Humans were in the Arctic at least 45,000 years ago, revealed a new study that describes a brutal mammoth hunting by humans from that time.
The discovery, published in Science, extends the earliest human presence in the Arctic by 10,000 years, and opens up the possibility that humans might have entered North America much earlier than previously thought, given that they were close to the entry point at the Bering land bridge, reports Discovery News.
The scientists concluded that the mammoth lived and died at a latitude of 72 degrees north about 45,000 years ago, as shown by radiocarbon dating which narrowed down the timing of the attack. This is surprising because previously it was thought that humans had not made it past 55 degrees north during that period, which is not far enough to be considered part of the Arctic Circle.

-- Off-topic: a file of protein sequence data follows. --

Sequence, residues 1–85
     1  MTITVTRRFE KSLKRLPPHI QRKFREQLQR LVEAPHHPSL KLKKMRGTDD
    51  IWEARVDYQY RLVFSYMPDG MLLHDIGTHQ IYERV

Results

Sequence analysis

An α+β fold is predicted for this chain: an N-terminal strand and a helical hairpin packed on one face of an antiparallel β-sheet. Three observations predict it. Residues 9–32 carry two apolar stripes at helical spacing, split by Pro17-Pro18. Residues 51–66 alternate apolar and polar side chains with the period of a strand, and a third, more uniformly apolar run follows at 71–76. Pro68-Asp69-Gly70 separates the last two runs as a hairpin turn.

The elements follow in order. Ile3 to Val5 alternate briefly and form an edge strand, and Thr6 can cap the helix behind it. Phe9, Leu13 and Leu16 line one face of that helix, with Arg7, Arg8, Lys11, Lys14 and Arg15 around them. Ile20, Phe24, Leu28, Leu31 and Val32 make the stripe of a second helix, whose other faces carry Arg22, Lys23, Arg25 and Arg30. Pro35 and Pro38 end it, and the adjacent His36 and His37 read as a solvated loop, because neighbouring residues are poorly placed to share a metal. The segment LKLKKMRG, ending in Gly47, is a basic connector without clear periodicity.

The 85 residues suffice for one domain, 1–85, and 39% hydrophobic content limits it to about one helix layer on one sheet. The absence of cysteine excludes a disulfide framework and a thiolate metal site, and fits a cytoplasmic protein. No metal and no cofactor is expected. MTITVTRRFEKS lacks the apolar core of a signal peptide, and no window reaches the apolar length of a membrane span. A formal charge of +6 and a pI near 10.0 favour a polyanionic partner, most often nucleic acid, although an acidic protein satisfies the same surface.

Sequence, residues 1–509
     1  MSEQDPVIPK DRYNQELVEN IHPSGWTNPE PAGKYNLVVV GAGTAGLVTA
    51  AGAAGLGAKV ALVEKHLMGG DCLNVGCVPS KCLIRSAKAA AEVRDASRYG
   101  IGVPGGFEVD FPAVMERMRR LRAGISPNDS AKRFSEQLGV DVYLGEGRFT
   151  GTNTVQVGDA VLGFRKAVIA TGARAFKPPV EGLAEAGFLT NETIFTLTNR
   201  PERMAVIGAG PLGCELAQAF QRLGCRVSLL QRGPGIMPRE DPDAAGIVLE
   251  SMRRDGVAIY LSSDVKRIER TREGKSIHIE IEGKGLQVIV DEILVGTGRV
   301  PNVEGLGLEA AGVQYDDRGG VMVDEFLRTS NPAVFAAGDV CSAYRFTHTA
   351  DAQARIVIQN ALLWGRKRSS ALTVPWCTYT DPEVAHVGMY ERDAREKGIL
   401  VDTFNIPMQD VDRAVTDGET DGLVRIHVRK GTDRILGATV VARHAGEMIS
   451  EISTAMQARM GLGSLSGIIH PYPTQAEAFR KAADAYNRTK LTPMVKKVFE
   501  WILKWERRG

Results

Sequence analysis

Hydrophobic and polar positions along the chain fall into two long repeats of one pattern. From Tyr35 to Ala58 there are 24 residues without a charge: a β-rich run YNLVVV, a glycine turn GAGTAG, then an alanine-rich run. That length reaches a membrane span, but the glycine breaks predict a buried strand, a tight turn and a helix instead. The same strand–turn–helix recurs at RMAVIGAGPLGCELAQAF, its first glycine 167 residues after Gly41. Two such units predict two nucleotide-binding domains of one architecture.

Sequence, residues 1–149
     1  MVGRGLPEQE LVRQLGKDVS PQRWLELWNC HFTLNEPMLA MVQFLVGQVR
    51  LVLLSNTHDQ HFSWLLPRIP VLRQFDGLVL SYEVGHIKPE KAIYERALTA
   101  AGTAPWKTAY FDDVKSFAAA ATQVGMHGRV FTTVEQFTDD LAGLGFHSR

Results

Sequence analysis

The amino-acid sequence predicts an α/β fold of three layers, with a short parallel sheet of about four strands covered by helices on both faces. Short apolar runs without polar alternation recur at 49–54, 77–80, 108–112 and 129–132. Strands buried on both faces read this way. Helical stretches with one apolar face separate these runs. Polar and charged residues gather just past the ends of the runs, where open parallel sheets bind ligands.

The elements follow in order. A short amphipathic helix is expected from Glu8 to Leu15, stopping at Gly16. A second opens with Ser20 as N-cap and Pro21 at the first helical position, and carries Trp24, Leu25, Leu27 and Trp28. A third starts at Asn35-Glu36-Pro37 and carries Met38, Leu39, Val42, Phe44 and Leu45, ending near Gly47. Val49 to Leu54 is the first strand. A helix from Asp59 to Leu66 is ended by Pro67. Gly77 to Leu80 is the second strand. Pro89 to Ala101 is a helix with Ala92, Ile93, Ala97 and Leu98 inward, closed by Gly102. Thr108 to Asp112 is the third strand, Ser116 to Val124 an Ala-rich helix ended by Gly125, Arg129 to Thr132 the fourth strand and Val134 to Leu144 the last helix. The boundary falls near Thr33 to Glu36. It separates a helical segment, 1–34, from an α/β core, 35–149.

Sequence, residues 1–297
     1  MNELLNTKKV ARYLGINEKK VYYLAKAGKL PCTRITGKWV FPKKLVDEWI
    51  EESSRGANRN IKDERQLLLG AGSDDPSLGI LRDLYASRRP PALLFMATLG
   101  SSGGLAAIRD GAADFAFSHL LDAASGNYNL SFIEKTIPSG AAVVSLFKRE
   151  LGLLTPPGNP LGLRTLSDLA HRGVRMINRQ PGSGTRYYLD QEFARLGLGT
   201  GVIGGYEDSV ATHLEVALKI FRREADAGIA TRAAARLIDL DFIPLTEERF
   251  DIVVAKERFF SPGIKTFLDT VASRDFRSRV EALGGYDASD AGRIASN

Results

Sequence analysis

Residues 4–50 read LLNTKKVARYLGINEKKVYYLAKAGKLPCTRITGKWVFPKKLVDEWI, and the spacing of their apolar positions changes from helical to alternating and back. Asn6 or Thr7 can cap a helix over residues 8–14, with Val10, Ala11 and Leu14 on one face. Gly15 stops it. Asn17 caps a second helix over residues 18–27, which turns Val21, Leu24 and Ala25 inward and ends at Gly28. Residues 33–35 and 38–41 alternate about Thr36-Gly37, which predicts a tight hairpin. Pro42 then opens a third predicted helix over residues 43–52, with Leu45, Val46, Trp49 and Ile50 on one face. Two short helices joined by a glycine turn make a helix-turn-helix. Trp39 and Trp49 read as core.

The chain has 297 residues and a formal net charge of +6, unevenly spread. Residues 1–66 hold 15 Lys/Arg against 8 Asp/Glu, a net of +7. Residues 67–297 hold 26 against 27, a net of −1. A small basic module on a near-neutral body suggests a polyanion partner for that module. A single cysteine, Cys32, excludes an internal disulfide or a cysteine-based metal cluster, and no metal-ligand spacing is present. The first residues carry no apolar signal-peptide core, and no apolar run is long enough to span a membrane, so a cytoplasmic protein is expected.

"Mammoth tusks were the main target for them, providing raw materials to produce long points and full-size spears, becoming a substitute for wood that equipped spears with shafts," Vladimir Pitulko, also the lead author of the study, told Discovery News.
"This is especially important for questions related to the peopling of the New World, because now we know that eastern Siberia up to its Arctic limits was populated starting at roughly 50,000 years ago," he added.
The study found that the hunters threw spears at the mammoth that hit its shoulders and went through its muscle tissue. The hunters apparently missed their desired wound points several times as they frantically stabbed the beast at close range, revealed by other injuries. The scientists suspect that the goal was to cut major arteries to cause mortal bleeding. The mammoth’s both ribs were bashed by the hunters with glancing blows, which suggested that the men were trying to damage its internal organs too.
The hunters finally succeeded in killing their prey after multiple stabs with weapons that were ironically likely to be made of mammoth tusks. It was probably then eaten on site as a ritual food or delicacy.
A mammoth was not only a source of food to humans back then, but also of fuel (dung, fat, bones) and raw materials for constructing tools, Pitulko explained.